When is the last time you made cabbage rolls from scratch? Living as we do in a city like Toronto we can so easily pick up delicious ready made cabbage rolls from any number of Eastern European neighbourhoods, like Little Poland on Roncesvalles. Making the cabbage rolls at home means you can decide on exactly how you like them done. Some like them with rice, some with oats, some are made with beef, some with a mix of beef and pork and some have sweet and sour elements while others are strictly savoury. Make them the way you like and throw together a big batch, then they can be portioned and frozen so that you’re well stocked with rolls for a while.
My biggest hurdle to making cabbage rolls at home was how to prep the cabbage. I was always told that you softened the leaves by boiling the whole head of cabbage but in order to soften the inner leaves wouldn’t the outer leaves be mush? Then I came across a tip that made great sense and didn’t necessitate a pot big enough to boil a giant head of cabbage – freeze it!
Don’t believe me? Listen to what these enthusiastic cabbage freezers had to say.
Just stick the cabbage in the freezer a few days before you want to make your rolls. Let it freeze fully overnight, then remove and let defrost. Once defrosted you’ll have wonderful limp leaves that are all the same degree of limpness, none overdone and none underdone. Cabbage? Check. Now on to the filling.
Here’s a recipe by a Hungarian grandmother that uses balsamic, honey, jasmine rice and grass fed beef in the filling. This recipe is vegetarian and more traditional, just rice, tomato sauce, onions and garlic, but it makes for a hearty meal nonetheless. Here’s a Romanian recipe that uses sour, pickled cabbage leaves omitting the need to freeze or boil the cabbage at all.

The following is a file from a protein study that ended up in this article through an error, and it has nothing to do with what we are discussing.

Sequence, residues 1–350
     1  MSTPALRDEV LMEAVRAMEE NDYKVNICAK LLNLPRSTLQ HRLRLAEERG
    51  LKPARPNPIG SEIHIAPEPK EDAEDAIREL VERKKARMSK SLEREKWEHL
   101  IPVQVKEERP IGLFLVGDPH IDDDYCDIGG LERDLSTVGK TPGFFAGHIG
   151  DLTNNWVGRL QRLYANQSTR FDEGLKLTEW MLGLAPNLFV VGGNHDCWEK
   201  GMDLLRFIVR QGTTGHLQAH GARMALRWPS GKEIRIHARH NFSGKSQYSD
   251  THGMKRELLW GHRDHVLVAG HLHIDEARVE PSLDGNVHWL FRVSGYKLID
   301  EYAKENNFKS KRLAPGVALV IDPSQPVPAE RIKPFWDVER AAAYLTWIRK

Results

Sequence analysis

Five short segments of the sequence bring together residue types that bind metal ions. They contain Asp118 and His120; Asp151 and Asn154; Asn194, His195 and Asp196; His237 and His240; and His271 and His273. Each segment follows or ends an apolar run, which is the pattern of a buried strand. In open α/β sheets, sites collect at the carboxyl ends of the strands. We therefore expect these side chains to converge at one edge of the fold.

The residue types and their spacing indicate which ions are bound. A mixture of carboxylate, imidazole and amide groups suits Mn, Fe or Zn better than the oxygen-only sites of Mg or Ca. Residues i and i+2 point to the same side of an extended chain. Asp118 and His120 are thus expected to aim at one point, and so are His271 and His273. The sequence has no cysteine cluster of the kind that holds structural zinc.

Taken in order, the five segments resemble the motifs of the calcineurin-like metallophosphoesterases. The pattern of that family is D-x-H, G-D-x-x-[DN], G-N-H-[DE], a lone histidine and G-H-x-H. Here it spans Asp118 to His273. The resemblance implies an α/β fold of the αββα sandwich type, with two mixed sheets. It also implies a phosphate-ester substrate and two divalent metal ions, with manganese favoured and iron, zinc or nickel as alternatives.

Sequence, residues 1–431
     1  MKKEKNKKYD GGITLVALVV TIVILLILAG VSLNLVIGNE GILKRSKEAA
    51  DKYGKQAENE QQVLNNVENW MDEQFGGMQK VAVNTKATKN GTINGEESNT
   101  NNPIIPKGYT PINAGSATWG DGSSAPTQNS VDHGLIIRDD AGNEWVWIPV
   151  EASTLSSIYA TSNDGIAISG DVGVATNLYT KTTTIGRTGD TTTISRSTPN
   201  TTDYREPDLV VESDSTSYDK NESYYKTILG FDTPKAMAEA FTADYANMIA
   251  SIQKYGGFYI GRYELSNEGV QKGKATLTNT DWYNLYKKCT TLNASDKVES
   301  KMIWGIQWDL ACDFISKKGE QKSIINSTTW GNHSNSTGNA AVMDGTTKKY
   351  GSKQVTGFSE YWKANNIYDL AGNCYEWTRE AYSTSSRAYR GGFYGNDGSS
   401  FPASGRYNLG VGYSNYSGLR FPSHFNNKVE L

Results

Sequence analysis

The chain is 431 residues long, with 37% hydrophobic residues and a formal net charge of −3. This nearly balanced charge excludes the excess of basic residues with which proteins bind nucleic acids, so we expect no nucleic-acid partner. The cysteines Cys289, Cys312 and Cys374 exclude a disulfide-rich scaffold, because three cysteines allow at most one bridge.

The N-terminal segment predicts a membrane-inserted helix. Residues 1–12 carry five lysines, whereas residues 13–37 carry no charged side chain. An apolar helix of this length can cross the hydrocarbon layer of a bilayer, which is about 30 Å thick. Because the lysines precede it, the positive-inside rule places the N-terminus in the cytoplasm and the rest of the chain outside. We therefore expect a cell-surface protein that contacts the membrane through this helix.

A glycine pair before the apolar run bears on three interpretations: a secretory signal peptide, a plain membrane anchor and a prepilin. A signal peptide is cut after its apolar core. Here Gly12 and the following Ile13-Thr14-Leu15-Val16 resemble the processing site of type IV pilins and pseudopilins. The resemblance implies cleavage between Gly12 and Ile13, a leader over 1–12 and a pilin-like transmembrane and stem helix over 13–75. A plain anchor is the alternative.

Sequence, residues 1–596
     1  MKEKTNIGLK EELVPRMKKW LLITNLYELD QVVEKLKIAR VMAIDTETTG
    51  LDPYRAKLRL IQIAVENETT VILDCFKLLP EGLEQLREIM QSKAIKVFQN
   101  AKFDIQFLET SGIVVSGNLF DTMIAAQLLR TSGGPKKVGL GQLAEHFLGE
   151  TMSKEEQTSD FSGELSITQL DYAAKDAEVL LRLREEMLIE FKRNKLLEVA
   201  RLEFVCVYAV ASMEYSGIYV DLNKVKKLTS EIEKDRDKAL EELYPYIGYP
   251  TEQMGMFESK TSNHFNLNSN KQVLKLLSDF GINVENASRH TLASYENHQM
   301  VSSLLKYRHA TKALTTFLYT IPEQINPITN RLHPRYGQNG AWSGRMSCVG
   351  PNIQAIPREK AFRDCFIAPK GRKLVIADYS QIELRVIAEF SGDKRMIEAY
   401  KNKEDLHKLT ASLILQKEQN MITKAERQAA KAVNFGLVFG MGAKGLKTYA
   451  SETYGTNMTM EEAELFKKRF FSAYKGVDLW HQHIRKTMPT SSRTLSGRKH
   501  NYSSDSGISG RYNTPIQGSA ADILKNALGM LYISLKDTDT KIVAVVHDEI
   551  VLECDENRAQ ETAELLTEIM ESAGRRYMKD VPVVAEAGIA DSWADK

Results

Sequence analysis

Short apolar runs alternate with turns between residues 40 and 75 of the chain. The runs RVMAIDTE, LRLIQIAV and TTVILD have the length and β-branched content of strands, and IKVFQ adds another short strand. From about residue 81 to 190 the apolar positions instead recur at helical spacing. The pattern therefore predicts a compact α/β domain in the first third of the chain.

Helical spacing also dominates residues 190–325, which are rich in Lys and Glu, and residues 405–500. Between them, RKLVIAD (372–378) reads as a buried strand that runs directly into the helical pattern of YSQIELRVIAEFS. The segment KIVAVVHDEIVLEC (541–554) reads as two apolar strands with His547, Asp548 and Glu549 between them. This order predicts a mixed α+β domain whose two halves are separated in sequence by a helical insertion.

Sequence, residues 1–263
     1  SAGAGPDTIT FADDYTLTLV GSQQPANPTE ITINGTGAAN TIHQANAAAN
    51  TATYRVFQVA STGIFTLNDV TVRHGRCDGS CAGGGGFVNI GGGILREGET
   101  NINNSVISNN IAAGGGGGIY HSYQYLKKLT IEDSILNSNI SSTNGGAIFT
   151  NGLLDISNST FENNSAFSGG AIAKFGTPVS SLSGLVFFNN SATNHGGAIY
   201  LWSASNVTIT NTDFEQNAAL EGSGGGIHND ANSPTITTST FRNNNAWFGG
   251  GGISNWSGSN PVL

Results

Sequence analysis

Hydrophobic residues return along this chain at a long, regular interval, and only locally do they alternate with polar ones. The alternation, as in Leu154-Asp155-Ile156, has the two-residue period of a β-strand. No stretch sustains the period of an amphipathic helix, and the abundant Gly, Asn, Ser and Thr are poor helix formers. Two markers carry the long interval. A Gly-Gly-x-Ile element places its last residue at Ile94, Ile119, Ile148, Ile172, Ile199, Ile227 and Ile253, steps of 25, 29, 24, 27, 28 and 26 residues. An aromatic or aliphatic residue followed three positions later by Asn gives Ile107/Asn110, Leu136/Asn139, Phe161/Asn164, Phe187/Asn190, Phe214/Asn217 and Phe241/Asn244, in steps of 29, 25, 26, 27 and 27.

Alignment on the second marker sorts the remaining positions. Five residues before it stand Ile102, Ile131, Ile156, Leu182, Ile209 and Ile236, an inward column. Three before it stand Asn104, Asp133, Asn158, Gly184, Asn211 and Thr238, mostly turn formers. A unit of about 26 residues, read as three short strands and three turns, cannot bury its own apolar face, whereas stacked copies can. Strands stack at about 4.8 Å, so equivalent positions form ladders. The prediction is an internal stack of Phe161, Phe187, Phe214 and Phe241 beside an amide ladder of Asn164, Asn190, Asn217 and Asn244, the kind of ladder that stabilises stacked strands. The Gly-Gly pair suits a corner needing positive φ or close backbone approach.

The Mennonite Girls use tomato soup and V8 in their recipe, begging the question Mennonite Girls can cook, but who taught them?
Now these little Italian cabbage rolls are adorable and beautifully prepared, this is a recipe I’d like to try soon. Basically meatballs scented with rosemary, sage and a little parmesan wrapped up in wilted Savoy leaves, skewered and simmered in a hearty tomato sauce.
Here’s another one with tomato soup in the recipe, my apologies to the Mennonite Girls, apparently tomato soup use is rampant in the cabbage roll recipe world. Regardless, this recipe has very good step by step photos to take you through the rolling process. Go ahead and use tomato soup and V8 for your sauce, see if I care.
Please don’t! I was bluffing, I do care. Make a real tomato sauce!!!
This is my favourite recipe, posted in the community recipes on Nigella’s site. It is a little bit out of the ordinary but I like the use of oats and cream, and molasses (!). This is the one I turn to especially when a holiday like St. Patrick’s Day is coming up.
There are so many other traditional recipes that one could whip up for the Irish holiday but if you don’t want to deal with pastry (steak and kidney pie) or sourcing a sheep stomach (haggis) or drowning in green food colouring (everything else), then cabbage rolls are the way to go. Make a big batch well before your guests arrive, put a lot of (local Ontario microbrewery) beer on ice and pop the pan of cabbage rolls back in the oven to warm up. After the first round of cheer hand out plates and start dishing up your rolls to give everyone a good solid foundation for more beer. Happy St. Patrick’s Day!